Education Law

Case study focused on Yale Law School professor seeks change for Title IX policies

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Yale Law School

Yale Law School. Photo from

Using the recent sexual misconduct findings against Yale Law School professor Jed Rubenfeld as an example of why Yale University’s Title IX policies should be revised, law students there recently released a case study with suggestions for change, including the use of a website to track and pair anonymous complaints, and providing pro bono representation for accusers and respondents.

Rubenfeld, a constitutional law professor, talked to New York Magazine in August about his two-year suspension and “absolutely, unequivocally, 100%” denied sexually harassing anyone.

According to the article, allegations against him include verbal harassment, unwanted touching and attempted kissing. People reportedly said the alleged behavior took place for years in the classroom and at parties in his home.

In an Oct. 12 email to the ABA Journal, Rubenfeld wrote that he “categorically and unequivocally” denied ever sexually harassing anyone “verbally or otherwise.”

“A lot of false information is circulating about this. I read in at least one media story that allegations of unwanted sexual touching were made against me. There were no such allegations, and, of course, I engaged in no such conduct,” he wrote.

Also, Rubenfeld wrote that he has been misquoted about not knowing the names of his accusers. Rubenfeld claims that he never said that and instead wrote that he was not told their identities or what the charges were for a two-year period.

“But as I said to the reporter, I eventually was told the identity of my accusers. Let me add that I do believe that it took courage for these students to come forward, and it did come at a personal cost to them, even if I deeply disagree with their claims.” Rubenfeld wrote.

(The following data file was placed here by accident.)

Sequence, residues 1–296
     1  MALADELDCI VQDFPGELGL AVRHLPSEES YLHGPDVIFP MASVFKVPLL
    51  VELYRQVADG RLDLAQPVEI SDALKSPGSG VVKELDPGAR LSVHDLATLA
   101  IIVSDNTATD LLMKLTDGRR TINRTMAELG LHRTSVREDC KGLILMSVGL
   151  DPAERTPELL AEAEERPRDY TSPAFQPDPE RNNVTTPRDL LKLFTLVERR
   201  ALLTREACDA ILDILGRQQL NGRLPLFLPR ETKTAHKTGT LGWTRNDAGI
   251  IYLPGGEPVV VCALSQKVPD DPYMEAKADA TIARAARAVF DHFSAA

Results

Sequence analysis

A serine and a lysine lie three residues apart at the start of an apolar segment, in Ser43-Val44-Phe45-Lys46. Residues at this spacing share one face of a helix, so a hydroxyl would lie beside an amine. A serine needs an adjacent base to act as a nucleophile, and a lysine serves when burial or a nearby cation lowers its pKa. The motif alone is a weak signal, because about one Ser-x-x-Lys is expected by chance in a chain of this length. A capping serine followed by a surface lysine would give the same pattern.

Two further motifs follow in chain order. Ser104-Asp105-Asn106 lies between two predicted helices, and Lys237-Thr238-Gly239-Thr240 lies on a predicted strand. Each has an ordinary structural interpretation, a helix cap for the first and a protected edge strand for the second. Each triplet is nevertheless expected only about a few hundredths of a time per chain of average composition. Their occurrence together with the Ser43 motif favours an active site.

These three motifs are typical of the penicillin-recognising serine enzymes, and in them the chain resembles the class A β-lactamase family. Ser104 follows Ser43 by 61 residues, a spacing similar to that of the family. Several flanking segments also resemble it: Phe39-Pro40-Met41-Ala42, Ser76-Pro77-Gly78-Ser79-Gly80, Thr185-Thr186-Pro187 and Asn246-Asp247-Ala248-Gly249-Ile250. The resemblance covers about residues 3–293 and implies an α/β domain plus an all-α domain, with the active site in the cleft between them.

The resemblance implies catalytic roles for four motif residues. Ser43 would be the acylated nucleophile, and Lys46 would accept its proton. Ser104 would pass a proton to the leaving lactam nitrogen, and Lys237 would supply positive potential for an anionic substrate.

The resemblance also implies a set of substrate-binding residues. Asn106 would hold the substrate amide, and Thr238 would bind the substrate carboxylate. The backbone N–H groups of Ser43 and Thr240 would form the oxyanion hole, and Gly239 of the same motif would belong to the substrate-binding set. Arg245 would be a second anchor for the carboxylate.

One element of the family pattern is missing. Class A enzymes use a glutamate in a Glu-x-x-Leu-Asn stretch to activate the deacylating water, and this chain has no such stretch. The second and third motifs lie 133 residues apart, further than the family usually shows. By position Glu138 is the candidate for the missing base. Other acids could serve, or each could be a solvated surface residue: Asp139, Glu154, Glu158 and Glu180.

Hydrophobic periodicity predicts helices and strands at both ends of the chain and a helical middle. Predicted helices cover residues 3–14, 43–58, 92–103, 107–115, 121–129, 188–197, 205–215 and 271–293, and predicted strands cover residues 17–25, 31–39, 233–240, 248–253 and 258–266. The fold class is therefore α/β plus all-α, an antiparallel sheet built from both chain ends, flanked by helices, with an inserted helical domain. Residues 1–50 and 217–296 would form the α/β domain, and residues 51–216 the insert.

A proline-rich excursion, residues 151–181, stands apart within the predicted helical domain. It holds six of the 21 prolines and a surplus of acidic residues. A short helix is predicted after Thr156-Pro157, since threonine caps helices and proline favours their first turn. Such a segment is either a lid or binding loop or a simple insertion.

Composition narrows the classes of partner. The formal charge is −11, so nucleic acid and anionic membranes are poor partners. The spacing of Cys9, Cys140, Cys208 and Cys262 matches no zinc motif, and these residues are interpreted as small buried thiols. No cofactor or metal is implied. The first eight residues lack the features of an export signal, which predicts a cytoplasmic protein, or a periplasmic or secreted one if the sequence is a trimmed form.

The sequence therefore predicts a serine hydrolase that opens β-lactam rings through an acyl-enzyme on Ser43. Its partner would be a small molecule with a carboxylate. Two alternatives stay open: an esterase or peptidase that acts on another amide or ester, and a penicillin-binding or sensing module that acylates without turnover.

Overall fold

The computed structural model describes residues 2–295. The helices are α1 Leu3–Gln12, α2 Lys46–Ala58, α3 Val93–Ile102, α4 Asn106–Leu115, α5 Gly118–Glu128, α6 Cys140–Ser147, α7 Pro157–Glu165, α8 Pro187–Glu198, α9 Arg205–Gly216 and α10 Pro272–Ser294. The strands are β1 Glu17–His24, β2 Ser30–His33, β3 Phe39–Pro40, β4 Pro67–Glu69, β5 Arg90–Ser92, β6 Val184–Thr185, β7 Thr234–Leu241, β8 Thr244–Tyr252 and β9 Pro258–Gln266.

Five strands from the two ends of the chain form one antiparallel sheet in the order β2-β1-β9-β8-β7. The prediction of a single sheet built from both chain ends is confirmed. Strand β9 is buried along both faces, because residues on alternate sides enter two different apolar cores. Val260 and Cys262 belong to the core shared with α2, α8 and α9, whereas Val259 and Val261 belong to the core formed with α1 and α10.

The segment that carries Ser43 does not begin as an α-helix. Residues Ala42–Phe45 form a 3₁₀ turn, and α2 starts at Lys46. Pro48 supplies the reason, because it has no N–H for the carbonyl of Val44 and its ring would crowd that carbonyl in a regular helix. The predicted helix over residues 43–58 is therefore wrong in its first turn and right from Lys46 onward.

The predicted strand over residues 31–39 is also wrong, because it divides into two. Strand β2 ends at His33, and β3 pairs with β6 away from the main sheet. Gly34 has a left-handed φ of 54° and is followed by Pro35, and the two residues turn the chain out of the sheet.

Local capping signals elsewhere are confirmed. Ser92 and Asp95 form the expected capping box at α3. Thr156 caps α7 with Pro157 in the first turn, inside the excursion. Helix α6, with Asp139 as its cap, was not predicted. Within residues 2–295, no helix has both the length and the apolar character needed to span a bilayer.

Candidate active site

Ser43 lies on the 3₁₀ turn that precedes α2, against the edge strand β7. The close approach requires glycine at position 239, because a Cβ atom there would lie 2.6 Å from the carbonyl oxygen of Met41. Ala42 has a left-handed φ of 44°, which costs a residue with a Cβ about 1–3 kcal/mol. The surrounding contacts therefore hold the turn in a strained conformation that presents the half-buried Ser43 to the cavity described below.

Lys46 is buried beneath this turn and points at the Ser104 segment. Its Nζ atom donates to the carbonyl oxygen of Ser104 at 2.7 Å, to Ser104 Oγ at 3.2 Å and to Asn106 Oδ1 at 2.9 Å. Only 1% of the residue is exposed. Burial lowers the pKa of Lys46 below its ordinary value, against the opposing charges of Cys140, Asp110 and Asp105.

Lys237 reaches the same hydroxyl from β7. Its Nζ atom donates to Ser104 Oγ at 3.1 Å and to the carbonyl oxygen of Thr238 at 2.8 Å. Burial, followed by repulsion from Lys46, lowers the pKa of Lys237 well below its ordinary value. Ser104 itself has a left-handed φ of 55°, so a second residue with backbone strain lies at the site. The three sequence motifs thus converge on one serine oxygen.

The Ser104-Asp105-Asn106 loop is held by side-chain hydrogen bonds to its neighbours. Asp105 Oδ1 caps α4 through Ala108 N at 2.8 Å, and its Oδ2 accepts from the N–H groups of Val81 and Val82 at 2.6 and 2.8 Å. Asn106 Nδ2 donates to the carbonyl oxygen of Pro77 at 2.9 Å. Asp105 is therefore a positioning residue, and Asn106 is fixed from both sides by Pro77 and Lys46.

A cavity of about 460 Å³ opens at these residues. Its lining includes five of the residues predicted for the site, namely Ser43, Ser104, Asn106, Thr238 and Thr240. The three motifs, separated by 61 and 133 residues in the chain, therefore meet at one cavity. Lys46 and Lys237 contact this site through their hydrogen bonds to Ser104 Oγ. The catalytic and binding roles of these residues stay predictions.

According to the New York Magazine article, Rubenfeld received a two-year suspension from the university. The case study, titled Report on Sexual Harassment at Yale: A Case Study on Jed Rubenfeld, asks that he be permanently removed from the institution.

“When Jed Rubenfeld is allowed to return to YLS and resume teaching, in just two years, he will still be dangerous. There is no reason to believe there will be any change in his behavior—the only change will be that all the students who are aware of his transgressions will have graduated, thereby impairing institutional memory. We do not want Jed Rubenfeld to prey on a new generation of students,” the authors wrote.

They represent the Yale Law Women Board and the working group chairs of the Yale Law School Title IX Working Group.

A timeline from 2008 to 2018, with references about Rubenfeld’s alleged misconduct that were made in law school forums and Yale’s Law Revue shows, is included in the case study. It also cites articles about the allegations written by the Guardian, Above the Law, Slate and Yale Daily News.

One of the Guardian articles, written in 2018, reported that Rubenfeld was the subject of an internal Yale investigation focused on his conduct with female law students.

He is married to Amy Chua, a contracts professor at Yale Law School who wrote the parenting book Battle Hymn of the Tiger Mother. The article reported that the couple allegedly told law students that Supreme Court Justice Brett M. Kavanaugh, then a judge for the U.S. Court of Appeals for the District of Columbia Circuit, preferred female clerks with a certain look, which was feminine and conventionally attractive.

In July 2018, Chua wrote an opinion piece for the Wall Street Journal supporting Kavanaugh’s nomination to the Supreme Court. In June 2019, her and Rubenfeld’s daughter, Sophia Chua-Rubenfeld, was selected as a clerk for Kavanaugh.

See also: “Yale Law School professor accused of sexual misconduct is suspended for 2 years” “Yale Law’s Chua, Rubenfeld deny advising Kavanaugh clerk candidates to dress a certain way”

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